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FEMA rules leave schools little choice except demo shelter

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Well-known member
Feb 13, 2005
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Wildwood New Jersey
FEMA rules will leave DeKalb County schools little choice except to demolish a new, $500,000 tornado shelter once a storm-damaged campus is repaired and students leave mobile classrooms, the county's top educator said.

That shelter, plus other school shelters that the Federal Emergency Management Agency is paying to install in other counties, is intended only for temporary use while students attend class in portable classrooms due to tornado damage. But once that purpose is served, a school system can keep the shelter or transfer it to the local community only by paying FEMA a fair-market price for it. But FEMA will pay the expense of tearing down the temporary shelter.

Marion County is building a shelter on the destroyed Hackleburg campus at a cost of more than $450,000. Hollingsworth said no decision has been made about what to do with the 600-person shelter after the campus is rebuilt, but he hopes it won't be destroyed.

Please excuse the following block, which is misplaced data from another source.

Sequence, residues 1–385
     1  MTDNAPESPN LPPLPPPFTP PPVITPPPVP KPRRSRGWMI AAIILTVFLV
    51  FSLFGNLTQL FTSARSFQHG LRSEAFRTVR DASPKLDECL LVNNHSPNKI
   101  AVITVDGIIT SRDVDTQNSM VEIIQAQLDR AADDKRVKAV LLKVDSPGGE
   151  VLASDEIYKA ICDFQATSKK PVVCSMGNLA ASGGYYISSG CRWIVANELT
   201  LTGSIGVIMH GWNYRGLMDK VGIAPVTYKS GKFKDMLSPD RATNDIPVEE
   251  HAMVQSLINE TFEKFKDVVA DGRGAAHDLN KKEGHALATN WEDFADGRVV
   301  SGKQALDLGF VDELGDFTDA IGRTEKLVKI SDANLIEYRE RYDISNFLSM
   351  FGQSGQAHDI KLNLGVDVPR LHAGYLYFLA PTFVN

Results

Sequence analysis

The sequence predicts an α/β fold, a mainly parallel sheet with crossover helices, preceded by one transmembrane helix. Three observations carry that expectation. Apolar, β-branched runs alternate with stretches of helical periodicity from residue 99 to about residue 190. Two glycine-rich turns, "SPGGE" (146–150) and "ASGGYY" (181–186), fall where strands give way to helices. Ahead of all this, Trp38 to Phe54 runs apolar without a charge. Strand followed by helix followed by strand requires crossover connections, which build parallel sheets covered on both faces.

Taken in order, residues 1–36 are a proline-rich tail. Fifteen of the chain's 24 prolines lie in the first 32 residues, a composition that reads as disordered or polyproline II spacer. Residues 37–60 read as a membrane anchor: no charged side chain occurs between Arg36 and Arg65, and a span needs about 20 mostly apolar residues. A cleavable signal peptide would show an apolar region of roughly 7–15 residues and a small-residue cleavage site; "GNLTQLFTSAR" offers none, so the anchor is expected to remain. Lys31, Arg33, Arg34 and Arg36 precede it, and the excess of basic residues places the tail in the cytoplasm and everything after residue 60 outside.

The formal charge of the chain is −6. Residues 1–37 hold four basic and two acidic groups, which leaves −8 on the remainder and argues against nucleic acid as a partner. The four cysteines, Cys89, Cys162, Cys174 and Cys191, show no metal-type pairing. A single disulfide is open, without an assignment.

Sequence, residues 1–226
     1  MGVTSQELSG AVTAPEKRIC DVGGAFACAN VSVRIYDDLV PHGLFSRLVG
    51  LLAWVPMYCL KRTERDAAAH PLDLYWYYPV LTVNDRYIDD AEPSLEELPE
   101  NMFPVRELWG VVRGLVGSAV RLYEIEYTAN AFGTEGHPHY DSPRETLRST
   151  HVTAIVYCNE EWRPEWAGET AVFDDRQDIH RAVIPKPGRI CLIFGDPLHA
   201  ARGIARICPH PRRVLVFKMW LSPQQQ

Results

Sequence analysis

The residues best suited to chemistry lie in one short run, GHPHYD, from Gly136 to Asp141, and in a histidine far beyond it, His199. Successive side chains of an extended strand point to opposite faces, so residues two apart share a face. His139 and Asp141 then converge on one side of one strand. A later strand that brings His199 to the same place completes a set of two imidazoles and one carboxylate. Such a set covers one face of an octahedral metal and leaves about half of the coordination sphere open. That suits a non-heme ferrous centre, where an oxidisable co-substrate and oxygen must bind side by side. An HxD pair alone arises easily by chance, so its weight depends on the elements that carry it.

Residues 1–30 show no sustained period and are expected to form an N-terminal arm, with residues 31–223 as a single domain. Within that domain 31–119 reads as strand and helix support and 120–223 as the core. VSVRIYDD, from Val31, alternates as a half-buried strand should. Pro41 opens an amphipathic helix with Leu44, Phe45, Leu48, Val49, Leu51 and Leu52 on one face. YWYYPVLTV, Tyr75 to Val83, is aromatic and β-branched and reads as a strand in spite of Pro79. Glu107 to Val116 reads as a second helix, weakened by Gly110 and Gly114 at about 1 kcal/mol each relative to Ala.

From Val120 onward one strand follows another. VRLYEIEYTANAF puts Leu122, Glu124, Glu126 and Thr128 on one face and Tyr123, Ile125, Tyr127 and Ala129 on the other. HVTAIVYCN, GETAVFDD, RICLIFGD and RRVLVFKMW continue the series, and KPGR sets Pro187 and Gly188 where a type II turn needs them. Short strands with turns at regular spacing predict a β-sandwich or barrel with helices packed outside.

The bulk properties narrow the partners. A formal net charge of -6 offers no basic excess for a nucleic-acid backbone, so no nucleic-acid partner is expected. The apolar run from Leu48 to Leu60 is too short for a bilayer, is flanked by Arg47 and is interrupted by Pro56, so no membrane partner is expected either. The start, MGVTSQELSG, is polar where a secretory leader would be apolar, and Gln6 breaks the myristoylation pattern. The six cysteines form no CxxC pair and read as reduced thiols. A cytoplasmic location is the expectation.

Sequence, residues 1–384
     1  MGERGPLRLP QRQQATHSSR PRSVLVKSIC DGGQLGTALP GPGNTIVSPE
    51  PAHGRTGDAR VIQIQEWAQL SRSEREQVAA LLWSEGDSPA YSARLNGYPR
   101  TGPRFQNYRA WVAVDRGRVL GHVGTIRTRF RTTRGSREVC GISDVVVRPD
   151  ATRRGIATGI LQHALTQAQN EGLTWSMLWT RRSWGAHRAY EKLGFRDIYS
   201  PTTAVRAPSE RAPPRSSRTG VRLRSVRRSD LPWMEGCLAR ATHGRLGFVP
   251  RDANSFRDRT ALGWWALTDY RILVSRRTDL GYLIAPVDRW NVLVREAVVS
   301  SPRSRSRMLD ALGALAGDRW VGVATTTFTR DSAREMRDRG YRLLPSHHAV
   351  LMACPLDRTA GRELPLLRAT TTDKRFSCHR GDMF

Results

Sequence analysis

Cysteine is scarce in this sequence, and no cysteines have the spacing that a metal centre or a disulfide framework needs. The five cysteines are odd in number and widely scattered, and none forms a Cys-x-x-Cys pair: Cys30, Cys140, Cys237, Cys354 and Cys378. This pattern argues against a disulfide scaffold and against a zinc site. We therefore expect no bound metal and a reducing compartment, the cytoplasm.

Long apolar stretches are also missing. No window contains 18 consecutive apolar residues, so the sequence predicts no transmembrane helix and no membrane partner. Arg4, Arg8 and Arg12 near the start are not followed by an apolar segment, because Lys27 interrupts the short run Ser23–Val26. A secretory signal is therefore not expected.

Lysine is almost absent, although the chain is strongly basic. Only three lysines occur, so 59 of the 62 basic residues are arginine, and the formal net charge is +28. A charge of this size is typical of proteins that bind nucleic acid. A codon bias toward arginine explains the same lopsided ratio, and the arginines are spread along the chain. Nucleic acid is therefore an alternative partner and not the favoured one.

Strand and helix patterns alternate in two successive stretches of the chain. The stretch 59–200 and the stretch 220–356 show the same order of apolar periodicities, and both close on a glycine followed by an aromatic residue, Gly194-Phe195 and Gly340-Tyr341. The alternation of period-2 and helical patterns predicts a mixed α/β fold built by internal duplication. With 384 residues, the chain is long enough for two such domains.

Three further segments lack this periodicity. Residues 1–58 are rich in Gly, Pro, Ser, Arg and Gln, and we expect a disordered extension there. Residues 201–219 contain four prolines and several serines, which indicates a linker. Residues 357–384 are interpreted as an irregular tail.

"To tear it down when it could be used by the community -- something's not right about that," he said. "You just hope at that point, common sense will prevail."

Yasamie August, a spokeswoman for the Alabama Emergency Management Agency, said FEMA's guidelines currently link the shelters to temporary school facilities and "when the (temporary) school goes away, these have to go away."

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